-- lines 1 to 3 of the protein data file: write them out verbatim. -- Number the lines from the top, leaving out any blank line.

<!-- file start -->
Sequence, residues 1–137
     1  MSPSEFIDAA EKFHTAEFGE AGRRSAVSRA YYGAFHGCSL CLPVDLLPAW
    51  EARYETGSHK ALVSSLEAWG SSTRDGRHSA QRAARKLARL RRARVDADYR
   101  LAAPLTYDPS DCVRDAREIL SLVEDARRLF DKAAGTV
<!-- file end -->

Sequence, residues 1–137
     1  MSPSEFIDAA EKFHTAEFGE AGRRSAVSRA YYGAFHGCSL CLPVDLLPAW
    51  EARYETGSHK ALVSSLEAWG SSTRDGRHSA QRAARKLARL RRARVDADYR